February 9, 2016

OverDrive and Sourcebooks to Launch Ambitious Ebook Data Experiment

OverDrive and Sourcebooks are preparing to launch an innovative and ambitious pilot program whose goal is to clearly demonstrate the impact library ebook lending has on book sales and author recognition.

OverDrive sent a letter today to about 35,000 librarians worldwide and invited them to opt in to a program that will run from May 15 through June 1 and allow all participating libraries to feature simultaneously on their OverDrive home page, at no cost, a single title from Sourcebooks.

The book, Four Corners of the Sky by Michael Malone, will be accessible simultaneously to all participating libraries’ patrons worldwide during the two-week program, which is called “Big Library Read.”

“We want to demonstrate once and for all the enormous influence of the library demographic, and that when libraries put an ebook in their catalog it serves a valuable role in increasing exposure and engagement with an author’s work,” said Steve Potash, OverDrive’s CEO.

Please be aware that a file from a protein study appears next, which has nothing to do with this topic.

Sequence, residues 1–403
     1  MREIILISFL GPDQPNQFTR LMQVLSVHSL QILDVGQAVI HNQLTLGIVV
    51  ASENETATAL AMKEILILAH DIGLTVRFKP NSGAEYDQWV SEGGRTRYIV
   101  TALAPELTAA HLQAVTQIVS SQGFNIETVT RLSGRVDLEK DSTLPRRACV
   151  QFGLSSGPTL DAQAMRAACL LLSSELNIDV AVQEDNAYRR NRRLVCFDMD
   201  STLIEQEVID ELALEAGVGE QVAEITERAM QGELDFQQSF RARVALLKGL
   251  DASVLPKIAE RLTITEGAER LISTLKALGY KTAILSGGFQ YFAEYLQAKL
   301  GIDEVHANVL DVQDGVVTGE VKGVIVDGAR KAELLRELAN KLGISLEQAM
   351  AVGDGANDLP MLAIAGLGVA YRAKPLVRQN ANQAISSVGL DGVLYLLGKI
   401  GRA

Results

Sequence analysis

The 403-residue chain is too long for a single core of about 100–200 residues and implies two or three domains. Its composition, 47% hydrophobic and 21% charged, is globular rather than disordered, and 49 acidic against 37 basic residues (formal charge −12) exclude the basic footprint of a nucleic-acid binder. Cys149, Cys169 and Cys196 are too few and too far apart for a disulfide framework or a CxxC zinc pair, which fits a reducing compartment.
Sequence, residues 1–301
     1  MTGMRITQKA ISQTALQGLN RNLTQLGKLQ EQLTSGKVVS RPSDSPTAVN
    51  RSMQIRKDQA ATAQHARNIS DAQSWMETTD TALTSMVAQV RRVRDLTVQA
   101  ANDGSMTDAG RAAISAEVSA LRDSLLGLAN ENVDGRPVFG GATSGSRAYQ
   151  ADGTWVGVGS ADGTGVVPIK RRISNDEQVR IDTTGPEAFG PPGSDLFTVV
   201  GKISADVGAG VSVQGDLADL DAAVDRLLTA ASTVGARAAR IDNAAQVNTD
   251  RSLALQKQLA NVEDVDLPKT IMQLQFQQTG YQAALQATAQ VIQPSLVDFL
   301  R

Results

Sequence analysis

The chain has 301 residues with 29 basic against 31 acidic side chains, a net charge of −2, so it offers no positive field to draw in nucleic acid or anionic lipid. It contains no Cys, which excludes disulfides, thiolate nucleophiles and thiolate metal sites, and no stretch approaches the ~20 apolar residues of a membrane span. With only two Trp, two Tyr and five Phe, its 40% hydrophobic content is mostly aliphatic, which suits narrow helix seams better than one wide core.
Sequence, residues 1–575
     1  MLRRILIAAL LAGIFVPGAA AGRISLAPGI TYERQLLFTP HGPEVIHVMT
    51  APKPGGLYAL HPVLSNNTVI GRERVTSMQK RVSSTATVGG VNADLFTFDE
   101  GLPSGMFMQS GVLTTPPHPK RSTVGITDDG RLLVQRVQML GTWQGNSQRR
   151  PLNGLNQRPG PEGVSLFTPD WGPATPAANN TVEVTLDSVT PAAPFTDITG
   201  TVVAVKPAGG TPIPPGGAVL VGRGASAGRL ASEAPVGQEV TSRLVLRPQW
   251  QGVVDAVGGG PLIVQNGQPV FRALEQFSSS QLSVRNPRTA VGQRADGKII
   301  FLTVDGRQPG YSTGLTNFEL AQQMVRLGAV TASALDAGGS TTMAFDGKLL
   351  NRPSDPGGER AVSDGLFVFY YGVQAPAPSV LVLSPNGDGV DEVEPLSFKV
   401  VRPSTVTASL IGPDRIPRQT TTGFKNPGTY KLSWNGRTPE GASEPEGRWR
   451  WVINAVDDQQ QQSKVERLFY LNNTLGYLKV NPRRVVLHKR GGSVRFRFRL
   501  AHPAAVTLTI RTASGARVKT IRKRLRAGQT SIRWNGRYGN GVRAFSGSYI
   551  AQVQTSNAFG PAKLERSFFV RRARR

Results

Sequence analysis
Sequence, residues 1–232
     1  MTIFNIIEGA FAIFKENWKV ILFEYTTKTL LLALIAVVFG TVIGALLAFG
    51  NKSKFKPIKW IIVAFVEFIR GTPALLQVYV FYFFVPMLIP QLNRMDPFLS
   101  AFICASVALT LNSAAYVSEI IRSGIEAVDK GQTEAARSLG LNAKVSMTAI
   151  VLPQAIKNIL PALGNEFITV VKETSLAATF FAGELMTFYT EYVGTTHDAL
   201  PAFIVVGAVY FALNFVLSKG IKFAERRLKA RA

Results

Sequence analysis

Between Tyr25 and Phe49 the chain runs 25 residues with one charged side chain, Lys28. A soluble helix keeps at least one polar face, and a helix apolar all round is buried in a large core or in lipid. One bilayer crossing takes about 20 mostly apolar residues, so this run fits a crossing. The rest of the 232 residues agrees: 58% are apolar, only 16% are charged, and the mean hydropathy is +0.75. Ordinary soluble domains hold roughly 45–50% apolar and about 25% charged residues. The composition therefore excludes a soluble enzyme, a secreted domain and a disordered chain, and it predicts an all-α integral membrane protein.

During the 18-day program, data associated with the title, which will also contain a special “Dear Reader” note from Malone (see below), is going to be closely tracked.

Sourcebooks, which has worldwide rights to the book, will chronicle the impact on sales not only for this particular title but also the effect on the other seven books that Malone has published with Sourcebooks. The Amazon rankings will also be monitored (as of today, Four Corners of the Sky had an Amazon Best Sellers Rank of 149,512).

“Steve and I have over the years talked about a lot of different collaborations between Sourcebooks and Overdrive, always focused on expanding the reach of authors,” said Dominique Raccah, the CEO of Sourcebooks. “When Steve called with this idea a few months ago, I was delighted to apply the ‘discovery’ conversation that publishers, authors and retailers are engaged in to libraries.”